If you are a gardener or farmer, or have a pond or stream on your property, ducks can be valuable allies in natural pest control. Watching these feathered vacuum cleaners enthusiastically hunting for and devouring pests both on land and in water is extremely satisfying to anyone who has struggled to find practical and safe methods to control the harm done by garden and farm pests.
These web-footed omnivores are tireless consumers of slugs, snails and a wide array of bothersome — and potentially dangerous — insects and grubs, including (but not limited to) mosquito pupae, Japanese beetle larvae, potato beetles and grasshoppers. In areas plagued by liver flukes, ducks can eliminate the problem by consuming the snails that are the intermediate host of this troublesome parasite of mammals. With the variety of diseases that mosquitoes can spread among avian and mammalian species, the duck’s ability to stop mosquitoes at the non-feeding pupa stage is significant.
The value of ducks to those of us who tend gardens and farms is not limited to pest control. Ducks provide valuable plant food via their manure and feathers (worms find molted feathers delicious, pulling them into their holes as they consume them). Garden-raised ducks can supply nutritious eggs and meat for the table.
Ducks are hardy and resistant to many diseases and parasites. They adapt well to virtually all climates including the cold north, dry deserts and the wettest tropical rainforests. Plus, they can be highly entertaining, and many people find them to be good garden and farmstead companions. Unlike chickens and guineas — that seem to have springs in their legs — most ducks can be easily penned with 18- to 24-inch-high barriers. For duck breeds that can fly, clipping the ten primary flight feathers of one wing annually will keep them grounded.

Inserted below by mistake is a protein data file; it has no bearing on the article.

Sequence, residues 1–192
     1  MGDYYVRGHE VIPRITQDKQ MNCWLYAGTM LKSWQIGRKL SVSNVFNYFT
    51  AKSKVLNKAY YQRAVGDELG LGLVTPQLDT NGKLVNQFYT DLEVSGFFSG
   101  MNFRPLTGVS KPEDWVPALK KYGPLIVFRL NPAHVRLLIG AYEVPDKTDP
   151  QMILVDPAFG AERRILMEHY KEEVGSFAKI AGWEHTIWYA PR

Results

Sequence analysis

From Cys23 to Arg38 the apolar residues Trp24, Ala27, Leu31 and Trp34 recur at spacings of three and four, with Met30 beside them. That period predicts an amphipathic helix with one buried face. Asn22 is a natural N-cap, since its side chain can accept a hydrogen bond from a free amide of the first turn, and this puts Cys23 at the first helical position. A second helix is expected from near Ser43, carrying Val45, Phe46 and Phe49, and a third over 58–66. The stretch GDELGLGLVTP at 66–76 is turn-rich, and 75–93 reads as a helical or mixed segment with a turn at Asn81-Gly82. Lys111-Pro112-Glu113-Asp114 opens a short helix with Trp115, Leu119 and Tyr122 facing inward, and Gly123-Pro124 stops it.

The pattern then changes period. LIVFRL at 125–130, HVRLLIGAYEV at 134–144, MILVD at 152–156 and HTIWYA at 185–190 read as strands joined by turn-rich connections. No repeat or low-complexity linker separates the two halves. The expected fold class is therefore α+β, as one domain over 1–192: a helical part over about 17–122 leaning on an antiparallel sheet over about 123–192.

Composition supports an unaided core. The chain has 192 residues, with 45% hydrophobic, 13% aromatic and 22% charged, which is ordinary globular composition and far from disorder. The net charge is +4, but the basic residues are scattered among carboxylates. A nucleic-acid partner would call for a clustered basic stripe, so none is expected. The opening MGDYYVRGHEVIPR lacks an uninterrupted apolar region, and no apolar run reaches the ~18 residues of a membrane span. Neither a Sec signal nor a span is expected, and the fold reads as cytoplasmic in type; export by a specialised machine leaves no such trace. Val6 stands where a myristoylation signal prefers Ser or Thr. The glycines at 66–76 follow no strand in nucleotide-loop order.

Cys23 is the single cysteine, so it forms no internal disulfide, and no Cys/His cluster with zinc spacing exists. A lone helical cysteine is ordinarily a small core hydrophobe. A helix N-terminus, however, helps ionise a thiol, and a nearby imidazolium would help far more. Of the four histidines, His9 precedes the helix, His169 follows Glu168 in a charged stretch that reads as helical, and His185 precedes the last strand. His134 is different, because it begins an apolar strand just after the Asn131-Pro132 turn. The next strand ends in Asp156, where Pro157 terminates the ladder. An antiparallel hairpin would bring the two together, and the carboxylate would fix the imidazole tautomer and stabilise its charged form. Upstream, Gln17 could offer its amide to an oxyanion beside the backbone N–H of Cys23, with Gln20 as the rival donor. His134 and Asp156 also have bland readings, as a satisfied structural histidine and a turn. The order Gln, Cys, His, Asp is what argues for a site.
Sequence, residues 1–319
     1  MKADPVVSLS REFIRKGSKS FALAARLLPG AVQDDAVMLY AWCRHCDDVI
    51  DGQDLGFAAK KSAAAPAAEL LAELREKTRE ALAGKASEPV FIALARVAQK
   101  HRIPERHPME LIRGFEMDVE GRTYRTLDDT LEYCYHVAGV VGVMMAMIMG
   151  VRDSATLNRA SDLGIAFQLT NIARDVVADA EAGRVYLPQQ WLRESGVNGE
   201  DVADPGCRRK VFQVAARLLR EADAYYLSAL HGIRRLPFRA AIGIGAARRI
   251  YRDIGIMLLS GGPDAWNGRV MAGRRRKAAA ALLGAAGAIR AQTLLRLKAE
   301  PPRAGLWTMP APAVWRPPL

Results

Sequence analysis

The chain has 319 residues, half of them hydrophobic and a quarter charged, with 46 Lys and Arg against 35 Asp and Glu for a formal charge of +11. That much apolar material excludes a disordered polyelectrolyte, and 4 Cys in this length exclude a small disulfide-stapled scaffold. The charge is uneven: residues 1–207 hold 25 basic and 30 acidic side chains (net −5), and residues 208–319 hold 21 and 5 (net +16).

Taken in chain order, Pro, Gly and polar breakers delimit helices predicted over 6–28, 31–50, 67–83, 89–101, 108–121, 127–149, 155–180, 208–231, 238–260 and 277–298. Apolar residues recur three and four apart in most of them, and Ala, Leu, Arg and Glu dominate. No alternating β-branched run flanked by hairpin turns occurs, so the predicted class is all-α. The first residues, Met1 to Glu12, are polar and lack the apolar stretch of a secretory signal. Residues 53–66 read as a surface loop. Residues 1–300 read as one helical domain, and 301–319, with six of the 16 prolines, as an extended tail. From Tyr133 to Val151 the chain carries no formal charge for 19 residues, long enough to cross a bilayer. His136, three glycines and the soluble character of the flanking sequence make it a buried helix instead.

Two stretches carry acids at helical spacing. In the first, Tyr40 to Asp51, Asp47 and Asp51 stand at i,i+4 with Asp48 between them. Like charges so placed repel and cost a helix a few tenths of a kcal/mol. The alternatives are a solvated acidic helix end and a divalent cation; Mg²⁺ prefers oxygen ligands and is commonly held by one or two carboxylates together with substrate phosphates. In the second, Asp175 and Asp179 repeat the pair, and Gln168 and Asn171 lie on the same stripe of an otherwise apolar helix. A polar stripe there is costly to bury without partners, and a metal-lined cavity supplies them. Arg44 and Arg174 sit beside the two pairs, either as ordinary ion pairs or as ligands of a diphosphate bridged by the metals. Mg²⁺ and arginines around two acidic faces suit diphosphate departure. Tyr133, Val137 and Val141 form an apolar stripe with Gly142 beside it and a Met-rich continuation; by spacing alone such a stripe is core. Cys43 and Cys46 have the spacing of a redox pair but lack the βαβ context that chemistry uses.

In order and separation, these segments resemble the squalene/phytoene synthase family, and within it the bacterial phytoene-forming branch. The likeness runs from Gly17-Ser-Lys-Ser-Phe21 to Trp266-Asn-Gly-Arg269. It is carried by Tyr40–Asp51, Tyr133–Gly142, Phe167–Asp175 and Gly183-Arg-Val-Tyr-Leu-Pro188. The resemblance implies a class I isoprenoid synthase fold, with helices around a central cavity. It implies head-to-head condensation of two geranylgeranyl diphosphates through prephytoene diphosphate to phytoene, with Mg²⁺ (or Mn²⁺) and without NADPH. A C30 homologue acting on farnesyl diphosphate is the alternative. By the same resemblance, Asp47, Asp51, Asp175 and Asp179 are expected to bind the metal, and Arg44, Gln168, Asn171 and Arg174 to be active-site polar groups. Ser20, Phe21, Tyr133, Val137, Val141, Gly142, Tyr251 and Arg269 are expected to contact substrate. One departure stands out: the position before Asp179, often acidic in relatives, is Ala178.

For decades, we have kept ducks in the garden during the non-growing season so they can clean out unwanted pests before the new crops are planted. When the garden is planted, we like to keep the plumed patrol around the perimeter where they can intercept migrating slugs, snails and insects. After seedlings are of sufficient size that they are not easily trampled or snacked on by foraging fowl, the ducks can be let into the garden while you work there and can keep an eye on your avian partners. When you are ready to leave, the ducks can be enticed to their pen with feed or easily herded. (Yes, ducks are easy to herd, unlike chickens or guineas that tend to scatter in all directions.)
Because of so many variables, it is impossible to give an exact number of ducks that should be employed in your garden. However, two to four ducks for every 500 to 1,000 square feet of garden can be used as a general guideline.
We have raised and studied many breeds of domestic ducks here at Holderread Waterfowl Farm & Preservation Center. Though the classifications are a bit flexible, we’ve grouped them according to their foraging ability as follows.
The “elite” foraging group includes the Dutch Hook Bill, Indian Runner, Campbell, Australian Spotted, Mini Appleyard and Silky Duck.
The “excellent” foraging class consists of the Welsh Harlequin, Magpie, Ancona, Bali, East Indie and female Muscovy.
The “good” foraging category includes the Cayuga, Crested, Call, Swedish, Orpington (often called Buff Ducks), Appleyard, Saxony and production or farm-type Rouen.
In the “fair” foraging division are the Pekin, Aylesbury, exhibition-type Rouen and male Muscovy.
From my observations, food-producing systems that provide the highest levels of sustainability and productivity mimic ecosystems found in nature by incorporating both plants and animals. After gardening and raising ducks for half a century, I find it hard to envision one without the other. Gardens and ducks are a natural fit.
Whether you want to learn how to grow and raise your own food, build your own root cellar, or create a green dream home, come out and learn everything you need to know — and then some!LEARN MORE
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